For Karrington Palmer, a lobster fisher out of French River, fishing runs deep in her blood. Her father, Bruce, has been fishing his entire life, and like Karrington, he fishes out of French River. Her older sister Kale Palmer has her own lobster fleet in Murray Harbour.
The 2022 season will be the first time Karrington will be running her own fleet, but that doesn’t make her the new kid on the block. Karrington has been on the water her entire life. She can still remember the first time she went out with her father on Setting Day as if it were yesterday. She was tasked with logging all of his numbers in his book. Being out on the water with her father is what Karrington loves the most about fishing. After fishing alongside her father last spring, she realized everything on the boat came naturally to her. She was dedicated to working as hard as she could to get the best results possible, and most importantly, she enjoyed being out on the water.
After seeing her dedication and love for lobster fishing, Karrington’s father, Bruce, believed she was ready to captain her own fleet. Karrington is looking forward to hitting the water and making him proud.
As a young female captain, Karrington will face new challenges in her inaugural year, but she is looking forward to tackling them head-on and accomplishing many things. She hopes that more females will continue to get involved in the lobster industry in PEI.
“Many people in this world will say what women can and can’t do, and it is empowering to prove them wrong. Lobster fishing is physically challenging, and on occasion, you have to work through rough conditions, which is why the industry has been male-dominated in the past. I strongly encourage women of any age to get involved in the industry, it may seem scary at first, but you soon learn that you are completely capable of completing any task that comes your way. It is truly such a unique and rewarding industry to be involved in.”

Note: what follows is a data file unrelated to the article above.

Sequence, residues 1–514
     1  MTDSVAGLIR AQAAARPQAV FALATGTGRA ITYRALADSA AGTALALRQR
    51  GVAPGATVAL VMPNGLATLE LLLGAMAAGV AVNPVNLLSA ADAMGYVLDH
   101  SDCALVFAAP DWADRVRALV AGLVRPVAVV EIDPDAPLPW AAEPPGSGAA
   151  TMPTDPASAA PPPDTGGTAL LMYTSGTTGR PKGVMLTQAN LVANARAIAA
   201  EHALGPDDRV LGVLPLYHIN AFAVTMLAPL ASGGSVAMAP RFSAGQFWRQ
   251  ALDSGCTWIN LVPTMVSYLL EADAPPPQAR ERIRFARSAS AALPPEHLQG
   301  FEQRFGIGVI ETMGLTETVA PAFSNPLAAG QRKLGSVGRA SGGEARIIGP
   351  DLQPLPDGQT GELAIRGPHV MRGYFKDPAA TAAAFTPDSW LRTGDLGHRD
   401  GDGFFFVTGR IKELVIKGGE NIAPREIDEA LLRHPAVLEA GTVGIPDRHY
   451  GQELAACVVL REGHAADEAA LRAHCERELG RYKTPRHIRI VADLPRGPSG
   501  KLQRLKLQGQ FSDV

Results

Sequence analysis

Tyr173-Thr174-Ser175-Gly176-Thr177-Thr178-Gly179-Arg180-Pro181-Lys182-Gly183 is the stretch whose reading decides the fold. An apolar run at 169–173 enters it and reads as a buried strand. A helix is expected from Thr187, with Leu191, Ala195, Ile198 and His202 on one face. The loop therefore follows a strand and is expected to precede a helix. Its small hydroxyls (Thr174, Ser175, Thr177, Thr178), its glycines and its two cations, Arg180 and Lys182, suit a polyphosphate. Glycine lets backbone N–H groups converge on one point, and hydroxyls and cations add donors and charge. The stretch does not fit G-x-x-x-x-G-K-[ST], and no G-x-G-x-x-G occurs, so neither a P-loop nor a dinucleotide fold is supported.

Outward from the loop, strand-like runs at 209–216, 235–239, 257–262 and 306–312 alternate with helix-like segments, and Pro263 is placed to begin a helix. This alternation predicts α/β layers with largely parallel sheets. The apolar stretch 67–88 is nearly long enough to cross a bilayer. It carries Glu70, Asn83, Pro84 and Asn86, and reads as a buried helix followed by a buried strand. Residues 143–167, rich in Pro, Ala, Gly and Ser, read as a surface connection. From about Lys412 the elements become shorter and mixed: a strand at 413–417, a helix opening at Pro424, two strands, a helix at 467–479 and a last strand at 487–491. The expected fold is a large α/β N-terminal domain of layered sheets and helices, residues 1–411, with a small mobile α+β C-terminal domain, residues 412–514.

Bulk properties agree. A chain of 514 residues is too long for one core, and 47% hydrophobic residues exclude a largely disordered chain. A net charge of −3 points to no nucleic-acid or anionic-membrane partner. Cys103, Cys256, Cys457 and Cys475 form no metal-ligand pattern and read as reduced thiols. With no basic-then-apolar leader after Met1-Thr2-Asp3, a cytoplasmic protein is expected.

If you ask Karrington what qualities you need to be a successful lobster fisher, she would tell you dedication, resilience and respect. To wake up early each morning and head out on the water despite sometimes unfavourable conditions takes great dedication. You need to be resilient to recover from any setbacks. But more importantly, above all else, you need to respect the lobsters, the sea, and other fishers.
Like respect, sustainability is also very important to Karrington. PEI’s lobster fishery is certified sustainable through the Marine Stewardship Council. Fishers from across the island work together to manage the fishery responsibly. Karrington’s crew cautiously measures each lobster they catch and checks for spawn to ensure that she is doing her part. Her traps have escape hatches for undersized lobsters to escape, or if in the event a trap gets lost, biodegradable twine will degrade so the lobsters can escape.
Like many lobster lovers, Karrington’s favourite way to enjoy PEI lobster is in a roll, specifically a roll made by her mother at their family restaurant, JMK Fishmart.
Lobster fishing is a way of life for Karrington, and she is proud to be a PEI lobster fisher and provide her community and people around the world with the finest quality of lobster for them to enjoy.